Thursday, July 29, 2010

We were lucky to capture about two young giant pacific octopus larvae in one of our night light adventures. Although it looks more like a squid, it is an octopus. As it gets older the mantel becomes rounded and they spend more time on the bottom.

Just to give you some scale, this little guy is about the length of my pinky fingernail. He will live for 3 to 5 years and get to be about 14 ft from arm to arm.

Wednesday, July 28, 2010

More cute worms!

In addition to Owenia there were lots of other larvae in our plankton tows. These are just two of my favorites, although everything looks cute when it's a baby! The top is some sort of polychaete, and the bottom is not technically a worm although it is worm-like.

It is a phoronid, and is most closely related to bryozoans and brachiopods. Their bodies are shaped like worms, although they have a great feathery lophophore which they use to filter water for food, and their anus loops out near their mouth. They also live in tubes, and they can brood their young in it. There are only 20 species of phoronids world wide.

Tuesday, July 27, 2010

Revenge of the epitokes

Another night light at FHL. This time we got the large epitokes, about as long as my forearm. You can see a shrimp trying to break the worm open to get the gametes inside later in the movie.

Sunday, July 25, 2010

Night lighting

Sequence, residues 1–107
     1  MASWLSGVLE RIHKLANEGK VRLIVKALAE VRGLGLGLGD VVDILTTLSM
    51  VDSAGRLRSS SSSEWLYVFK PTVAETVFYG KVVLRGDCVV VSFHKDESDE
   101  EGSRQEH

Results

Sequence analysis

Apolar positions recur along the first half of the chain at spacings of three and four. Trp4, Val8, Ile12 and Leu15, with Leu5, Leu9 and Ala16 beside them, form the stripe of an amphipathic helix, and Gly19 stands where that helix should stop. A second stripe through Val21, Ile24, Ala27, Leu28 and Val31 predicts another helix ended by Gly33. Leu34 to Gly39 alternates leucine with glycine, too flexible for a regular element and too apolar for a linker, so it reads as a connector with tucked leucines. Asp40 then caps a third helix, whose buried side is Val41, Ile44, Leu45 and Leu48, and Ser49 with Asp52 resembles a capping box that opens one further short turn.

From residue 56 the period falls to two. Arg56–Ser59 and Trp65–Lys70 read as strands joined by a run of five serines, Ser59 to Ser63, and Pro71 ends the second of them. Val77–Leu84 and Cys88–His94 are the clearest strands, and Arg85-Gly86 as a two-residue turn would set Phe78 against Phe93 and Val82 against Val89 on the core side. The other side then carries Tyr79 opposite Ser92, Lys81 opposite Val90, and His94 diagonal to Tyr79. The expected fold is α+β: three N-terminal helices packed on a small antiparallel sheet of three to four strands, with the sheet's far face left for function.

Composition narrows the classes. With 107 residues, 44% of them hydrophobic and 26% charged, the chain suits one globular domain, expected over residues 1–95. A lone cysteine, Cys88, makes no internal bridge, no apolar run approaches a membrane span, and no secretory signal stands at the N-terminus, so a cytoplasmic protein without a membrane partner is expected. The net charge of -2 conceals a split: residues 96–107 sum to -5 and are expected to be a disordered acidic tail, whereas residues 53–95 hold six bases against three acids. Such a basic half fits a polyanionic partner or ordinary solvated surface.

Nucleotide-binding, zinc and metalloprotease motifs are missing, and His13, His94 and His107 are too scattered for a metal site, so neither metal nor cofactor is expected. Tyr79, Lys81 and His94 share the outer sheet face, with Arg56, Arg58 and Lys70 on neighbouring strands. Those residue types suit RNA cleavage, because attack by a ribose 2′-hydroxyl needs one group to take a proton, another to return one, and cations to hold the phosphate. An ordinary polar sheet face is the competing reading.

One of the way we get larvae is by lowering a light into the water at night. Many animals are photopositive, that is attracted to the light, which helps them maintain their position in the water column and find food.

By lowering the light at night, we create a sharp gradient of light and can attract a lot of animals. Most of them in this video are megalopae (baby crabs) and epitokes. The epitokes are fast, pinkish, and wiggle as they swim, while the megalopae are much bigger and chunkier.

Saturday, July 24, 2010

Friday Harbor

So, I have just gone up to Friday Harbor Laboratories and have been enjoying my immersion in science after quite a long spell without. I am learning all about larval biology, so have been going on field trips to many different sites, like this mudflat pictured above, to look at egg masses and collect larvae.

One of my favorites is this Owenia sp., which is a type of worm that builds tubes out of small sandy particles. This creature has an interesting development, as the juvenile worm develops around the intestine of the larval body. When it is ready to settle, it drops out of the sac where it was developing and eats its old larval body.